The third factor is the increasing degree of complexity in markets strategies designed to control for risk. Investors hedging of risks arising in one asset class can lead to a cascading sell-off in, or rotations into and out of, different assets. This creates both, contagion channels and increased uncertainty in the markets, effectively replacing priceable risk dynamics with less manageable VUCA dynamics. One example of this from the late 2018 is the large scale rotation by investors out of corporate debt into Government debt, that has been adversely impacting not only asset valuations, but also market signals underlying monetary policy. In the presence of VUCA dynamics, these problems are further exacerbated by market herding.
The fourth, and perhaps the most important in the long run, factor is the real economy’s reliance on debt, or the real credit cycle (highlighted in the second chart above). Over recent years, dramatic increases in corporate debt, coupled with reduced equity cushions (due to rampant shares buybacks and M&As, fuelled by cheap debt), have increased corporate sector vulnerability to rising interest rates. 2017-2018 changes to tax deductibility of interest in the U.S. are adding some fuel to the fire of monetary policy ‘normalization’ by the Fed. Recent indicators from the banking sector show sharp fall-offs in domestic non-financial and asset-backed credit outstanding in the U.S. Net interest margin uplift through 2018 has also been dramatic, and provisions for bad loans are rising steadily across the U.S. banking sector. This problem is even more pronounced in Europe, where structural weaknesses in the credit-fuelled economy, and lack of long term productivity growth are now driving sharp fall-off in macroeconomic indicators even before the onset of ECB monetary tightening.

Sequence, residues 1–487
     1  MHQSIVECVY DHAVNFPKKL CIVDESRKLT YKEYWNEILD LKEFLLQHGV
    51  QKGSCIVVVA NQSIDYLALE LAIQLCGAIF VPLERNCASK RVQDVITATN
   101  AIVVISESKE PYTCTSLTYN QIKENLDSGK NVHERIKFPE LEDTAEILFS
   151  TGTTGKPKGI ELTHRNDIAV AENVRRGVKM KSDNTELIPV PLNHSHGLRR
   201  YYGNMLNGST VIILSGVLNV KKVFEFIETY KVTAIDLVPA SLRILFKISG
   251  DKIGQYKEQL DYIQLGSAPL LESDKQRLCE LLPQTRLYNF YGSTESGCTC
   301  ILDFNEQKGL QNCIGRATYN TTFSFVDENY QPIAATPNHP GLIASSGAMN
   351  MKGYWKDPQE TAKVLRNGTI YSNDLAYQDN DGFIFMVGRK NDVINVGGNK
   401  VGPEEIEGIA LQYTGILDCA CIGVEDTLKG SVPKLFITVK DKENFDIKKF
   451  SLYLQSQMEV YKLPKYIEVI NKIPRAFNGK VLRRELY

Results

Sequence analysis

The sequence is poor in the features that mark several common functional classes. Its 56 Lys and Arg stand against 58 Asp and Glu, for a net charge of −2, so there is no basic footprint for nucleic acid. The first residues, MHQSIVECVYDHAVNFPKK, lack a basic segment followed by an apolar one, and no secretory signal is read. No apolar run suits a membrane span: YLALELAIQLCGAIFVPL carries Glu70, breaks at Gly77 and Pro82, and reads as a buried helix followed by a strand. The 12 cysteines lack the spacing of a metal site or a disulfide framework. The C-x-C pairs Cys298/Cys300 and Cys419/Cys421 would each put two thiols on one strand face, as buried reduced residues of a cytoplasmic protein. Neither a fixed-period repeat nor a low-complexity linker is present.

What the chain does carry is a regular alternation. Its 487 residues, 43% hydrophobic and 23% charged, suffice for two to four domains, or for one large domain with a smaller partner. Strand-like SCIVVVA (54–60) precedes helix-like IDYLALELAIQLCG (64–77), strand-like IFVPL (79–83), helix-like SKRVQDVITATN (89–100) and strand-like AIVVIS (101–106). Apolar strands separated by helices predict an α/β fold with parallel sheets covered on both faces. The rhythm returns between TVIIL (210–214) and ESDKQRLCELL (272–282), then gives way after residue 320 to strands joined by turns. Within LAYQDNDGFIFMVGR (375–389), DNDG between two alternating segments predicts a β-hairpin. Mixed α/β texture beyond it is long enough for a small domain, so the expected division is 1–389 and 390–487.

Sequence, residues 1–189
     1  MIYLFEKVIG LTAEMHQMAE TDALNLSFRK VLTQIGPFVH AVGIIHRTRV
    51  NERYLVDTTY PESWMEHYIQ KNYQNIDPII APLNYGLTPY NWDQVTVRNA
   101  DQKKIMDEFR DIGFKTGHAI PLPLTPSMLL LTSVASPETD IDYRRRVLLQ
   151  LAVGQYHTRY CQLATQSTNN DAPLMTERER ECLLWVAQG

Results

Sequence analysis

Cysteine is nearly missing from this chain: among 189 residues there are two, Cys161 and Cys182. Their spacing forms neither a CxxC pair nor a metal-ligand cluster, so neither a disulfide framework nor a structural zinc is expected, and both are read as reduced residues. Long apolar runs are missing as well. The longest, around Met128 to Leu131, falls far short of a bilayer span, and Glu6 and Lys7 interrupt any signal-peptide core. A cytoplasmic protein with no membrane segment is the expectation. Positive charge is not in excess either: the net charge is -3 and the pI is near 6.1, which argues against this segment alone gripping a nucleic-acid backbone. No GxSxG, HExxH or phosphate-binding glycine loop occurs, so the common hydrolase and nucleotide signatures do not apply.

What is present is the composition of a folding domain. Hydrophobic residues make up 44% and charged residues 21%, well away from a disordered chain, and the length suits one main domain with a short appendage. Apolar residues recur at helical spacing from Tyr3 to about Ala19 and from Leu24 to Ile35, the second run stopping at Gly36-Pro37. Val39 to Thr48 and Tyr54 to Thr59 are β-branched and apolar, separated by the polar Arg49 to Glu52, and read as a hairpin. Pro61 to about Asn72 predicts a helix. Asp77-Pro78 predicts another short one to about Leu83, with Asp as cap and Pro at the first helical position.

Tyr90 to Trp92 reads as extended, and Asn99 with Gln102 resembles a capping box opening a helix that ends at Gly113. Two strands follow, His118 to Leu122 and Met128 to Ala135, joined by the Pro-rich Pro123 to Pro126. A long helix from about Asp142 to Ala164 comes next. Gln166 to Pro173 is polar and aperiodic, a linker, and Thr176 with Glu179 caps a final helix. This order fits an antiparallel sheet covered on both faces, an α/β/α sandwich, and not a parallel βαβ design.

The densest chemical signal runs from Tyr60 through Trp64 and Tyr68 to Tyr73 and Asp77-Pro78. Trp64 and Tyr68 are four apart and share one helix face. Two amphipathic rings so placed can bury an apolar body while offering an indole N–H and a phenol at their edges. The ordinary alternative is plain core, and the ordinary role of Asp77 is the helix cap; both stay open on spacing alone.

In simple terms, 2019 is likely to be a year of structural breaks and VUCA re-coupling. Advanced economies’ weakening real growth conditions are likely to run parallel to the financial markets characterized by rising liquidity risks, increased volatility and uncertainty. Growing complexity of financial strategies deployed to counter these risks will become tightly coupled with the ambiguity of the overall macroeconomic and monetary policies, as the U.S. and the rest of the world diverge on fiscal deficits and monetary tightening. Pursuit of growth by policymakers and chasing of higher returns by investors can easily give way to deleveraging and wealth preservation objectives. Such a shift, while overdue, is likely to be a painful one for all involved.
Dr. Constantin Gurdgiev is Professor of Finance at Middlebury Institute of International Studies at Monterey and continues as adjunct assistant professor of finance at Trinity College, Dublin. He is a co-founder and Chairman of the Irish Mortgage Holders Organisation, and a co-founder and director of iCare (https://www.icarehousing.ie/), and serves as a partner and a board member with a number of international financial services providers. Dr. Gurdgiev was one of FocusEconomics’s Top Economic and Finance bloggers of 2017 & 2018 as well as a Top Economics Influencer. Visit his blog True Economics as well as his website MacroView for more from Constantin. You can also follow him on Twitter here.
5-year economic forecasts for more than 130 countries & 30 commodities.